By Jamasa Tello
Assistant Community Advocate
Current issues facing manufactured home parks were the focus of a community forum Dec. 5, at the Rodriguez Annex in Madras.
Turnout exceeded expectations of the Madras Area Community Action Team with over 100 people packing the meeting space. Park owners, managers, residents, city and county officials, the newly elected mayor and the president of the Jefferson County Habitat for Humanity were all present.
Over half the crowd represented the Latino community. The evening consisted of information on park closures across the country, solutions used by other communities, and the basics of housing cooperatives, each followed by vibrant discussion. Attending park owners and managers reassured the crowd that they had no intention of closing their parks.
Of particular of interest was a short presentation give by Jim Long, Bend's Affordable Housing manager, who talked about the ordinance Bend has been working on which allows for higher density on new developments and also addresses the overall issue of affordable housing.
Long shared how the Bend workgroup, consisting of park owners, park residents, and city councilors, have drafted an ordinance that will work for everyone involved. The proposed ordinance will go for a first reading before the Bend City Council Dec. 20, 7 p.m.
City Council member, Bruce Abernethy, said he feels that the proposed ordinance is a good compromise and may be applicable to other communities. Working with tenants and park owners together was "very valuable" and has been integral in determining the end product.
All across America, manufactured housing is a leading source of unsubsidized, affordable housing; for many, it is the only home ownership option available to them. For others, it is their first home, and is a stepping stone toward the future purchase of a larger, more expensive residence.
Large numbers of manufactured homes are in parks, and though the homes may be owned, the land they sit on is not. Park dwellers pay rent for the very modest parcel of land that their homes rest upon, and today many of these parcels are in danger of disappearing.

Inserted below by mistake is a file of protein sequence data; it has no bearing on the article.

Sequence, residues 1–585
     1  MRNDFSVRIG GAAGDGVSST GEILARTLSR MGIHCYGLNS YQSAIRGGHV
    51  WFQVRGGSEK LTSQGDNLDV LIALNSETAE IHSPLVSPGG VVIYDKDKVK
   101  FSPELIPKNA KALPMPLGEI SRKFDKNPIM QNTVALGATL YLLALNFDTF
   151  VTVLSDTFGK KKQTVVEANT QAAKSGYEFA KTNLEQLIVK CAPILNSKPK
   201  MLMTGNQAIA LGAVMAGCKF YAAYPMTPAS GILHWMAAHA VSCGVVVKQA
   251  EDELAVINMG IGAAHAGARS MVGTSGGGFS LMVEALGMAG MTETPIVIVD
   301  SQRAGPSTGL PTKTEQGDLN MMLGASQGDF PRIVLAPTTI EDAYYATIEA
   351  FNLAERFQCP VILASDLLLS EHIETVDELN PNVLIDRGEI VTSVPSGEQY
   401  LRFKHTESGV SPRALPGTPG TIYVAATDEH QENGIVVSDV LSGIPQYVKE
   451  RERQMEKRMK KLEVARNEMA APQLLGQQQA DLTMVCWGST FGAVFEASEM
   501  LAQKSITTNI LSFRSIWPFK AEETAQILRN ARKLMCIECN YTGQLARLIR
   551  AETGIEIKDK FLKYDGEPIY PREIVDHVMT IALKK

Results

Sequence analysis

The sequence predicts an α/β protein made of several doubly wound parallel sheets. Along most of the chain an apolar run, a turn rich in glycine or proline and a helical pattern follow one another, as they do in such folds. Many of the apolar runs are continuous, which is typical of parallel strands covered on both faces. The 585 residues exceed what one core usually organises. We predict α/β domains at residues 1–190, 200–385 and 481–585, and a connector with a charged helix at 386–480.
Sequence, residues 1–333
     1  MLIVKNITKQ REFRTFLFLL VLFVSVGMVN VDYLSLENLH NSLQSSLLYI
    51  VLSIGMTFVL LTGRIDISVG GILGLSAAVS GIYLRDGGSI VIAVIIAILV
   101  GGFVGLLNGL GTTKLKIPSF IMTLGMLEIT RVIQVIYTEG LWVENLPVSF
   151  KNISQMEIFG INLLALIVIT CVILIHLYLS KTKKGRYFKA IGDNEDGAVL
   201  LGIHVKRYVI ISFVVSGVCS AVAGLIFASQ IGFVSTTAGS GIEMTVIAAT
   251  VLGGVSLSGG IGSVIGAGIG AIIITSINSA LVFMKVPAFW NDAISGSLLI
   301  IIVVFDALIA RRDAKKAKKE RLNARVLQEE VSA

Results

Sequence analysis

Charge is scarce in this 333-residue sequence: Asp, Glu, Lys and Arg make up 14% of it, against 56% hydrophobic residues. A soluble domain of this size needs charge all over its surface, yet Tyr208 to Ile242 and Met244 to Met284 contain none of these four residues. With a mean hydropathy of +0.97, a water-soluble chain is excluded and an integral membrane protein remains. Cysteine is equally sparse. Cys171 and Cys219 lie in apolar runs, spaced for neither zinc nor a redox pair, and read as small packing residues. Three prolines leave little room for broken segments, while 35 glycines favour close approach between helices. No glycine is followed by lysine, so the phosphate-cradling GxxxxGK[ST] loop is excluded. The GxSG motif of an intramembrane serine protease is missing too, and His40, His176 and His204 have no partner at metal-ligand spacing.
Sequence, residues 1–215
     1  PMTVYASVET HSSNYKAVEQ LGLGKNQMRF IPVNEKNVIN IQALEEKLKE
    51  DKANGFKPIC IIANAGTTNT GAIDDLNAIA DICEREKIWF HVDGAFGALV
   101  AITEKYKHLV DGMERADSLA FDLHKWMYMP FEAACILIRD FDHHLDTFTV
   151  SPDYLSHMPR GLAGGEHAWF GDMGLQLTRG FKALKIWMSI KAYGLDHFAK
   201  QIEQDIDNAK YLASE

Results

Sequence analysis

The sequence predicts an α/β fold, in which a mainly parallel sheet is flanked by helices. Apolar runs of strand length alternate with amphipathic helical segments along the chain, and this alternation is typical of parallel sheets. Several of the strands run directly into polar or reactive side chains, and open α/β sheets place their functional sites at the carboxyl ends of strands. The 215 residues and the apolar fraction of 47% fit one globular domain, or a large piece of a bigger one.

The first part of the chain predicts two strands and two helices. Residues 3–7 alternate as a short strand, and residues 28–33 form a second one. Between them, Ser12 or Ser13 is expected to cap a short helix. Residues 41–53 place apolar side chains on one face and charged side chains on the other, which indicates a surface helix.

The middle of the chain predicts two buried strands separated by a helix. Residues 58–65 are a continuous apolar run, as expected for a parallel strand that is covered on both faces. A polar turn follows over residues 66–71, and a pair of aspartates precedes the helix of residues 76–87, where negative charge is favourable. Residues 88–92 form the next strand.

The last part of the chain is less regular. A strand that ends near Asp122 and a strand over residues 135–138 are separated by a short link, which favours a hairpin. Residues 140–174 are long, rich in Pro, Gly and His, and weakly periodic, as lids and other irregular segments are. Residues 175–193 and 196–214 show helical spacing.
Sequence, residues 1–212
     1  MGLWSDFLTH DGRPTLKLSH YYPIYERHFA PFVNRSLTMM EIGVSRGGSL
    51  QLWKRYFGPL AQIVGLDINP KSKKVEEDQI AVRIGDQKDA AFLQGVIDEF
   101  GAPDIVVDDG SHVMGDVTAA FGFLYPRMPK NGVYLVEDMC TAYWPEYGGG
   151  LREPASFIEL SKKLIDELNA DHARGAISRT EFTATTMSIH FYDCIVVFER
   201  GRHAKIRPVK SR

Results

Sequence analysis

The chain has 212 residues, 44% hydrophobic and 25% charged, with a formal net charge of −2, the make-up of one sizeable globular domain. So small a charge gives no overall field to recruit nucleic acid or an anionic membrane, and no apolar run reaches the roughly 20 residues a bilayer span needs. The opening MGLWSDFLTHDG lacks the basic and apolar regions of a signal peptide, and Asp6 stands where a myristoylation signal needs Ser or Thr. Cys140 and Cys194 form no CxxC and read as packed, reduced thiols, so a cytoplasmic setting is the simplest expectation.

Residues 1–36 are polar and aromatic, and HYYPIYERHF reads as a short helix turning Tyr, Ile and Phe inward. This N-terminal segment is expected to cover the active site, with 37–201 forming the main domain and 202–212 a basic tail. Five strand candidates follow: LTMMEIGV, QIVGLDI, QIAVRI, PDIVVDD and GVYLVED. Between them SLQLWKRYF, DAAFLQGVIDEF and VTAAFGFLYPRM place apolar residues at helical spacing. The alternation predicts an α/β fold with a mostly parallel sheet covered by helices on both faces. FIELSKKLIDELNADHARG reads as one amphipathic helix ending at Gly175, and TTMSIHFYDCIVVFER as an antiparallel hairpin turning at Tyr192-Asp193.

As rural areas grow, and available land within city boundaries shrinks, this valuable land is being sought after by developers. Many of these low- to middle-income homeowners are finding themselves on the verge of homelessness as park owners make lucrative profits by selling the land underneath them.
Manufactured home communities are closing, making way for larger more expensive homes, condos, retail establishments and offices. Park closures are placing residents under a great deal of distress.
Even if a suitable location could be found in which to relocate, the cost to move these homes is extreme and usually beyond what the homeowners can realistically afford.
Current Oregon state law requires manufactured home park owners to pay $3,500 for relocation of the owner's manufactured homes if given 180 days notice of park closure. If homeowners are given a year's notice or more, no relocation fees are required to be paid.
Manufactured homes as a form of affordable housing are worth keeping, as owners are self-sufficient in terms of housing, using no state or federal subsidy dollars to maintain their home.
Manufactured home parks are communities within communities whereby the residents watch out for each other; they get your mail when you're sick, watch your home if you are out of town, or walk your dog if you are ill. The sense of community these communities provide needs to be cherished and supported.
Many park residents in states across American are forming nonprofit corporations which are then eligible for participation in a park purchase plan providing all other requirements are met.
Some parks have been saved when the homeowner (nonprofit) group purchases the park using a cooperative model. A mobile home park cooperative is a business that exists to benefit the people that live in the park.
Profits are reinvested in the park community they came from and all members have a voice in making decisions about what direction the park takes. Cooperatives are usually made up of the general membership, committees, and the board of directors.
Oregon's Manufactured Dwelling Park Community Relations (MDPCR) works with homeowner groups, residents, and landlords in resolving disputes and finding resolutions to the varying issues that present themselves. For more information, visit www.ohcs.oregon.gov/OHCS/MDP_MainPage.shtml.
At the end of the forum, the group decided they would like future meetings to learn more about and discuss housing cooperatives and associations, as well as form a group to work on a local ordinance which would allow for the protection of park owners.
The Madras Area Community Action Team will hold its next meeting on the topic in January. Watch for information on the meeting and plan to attend.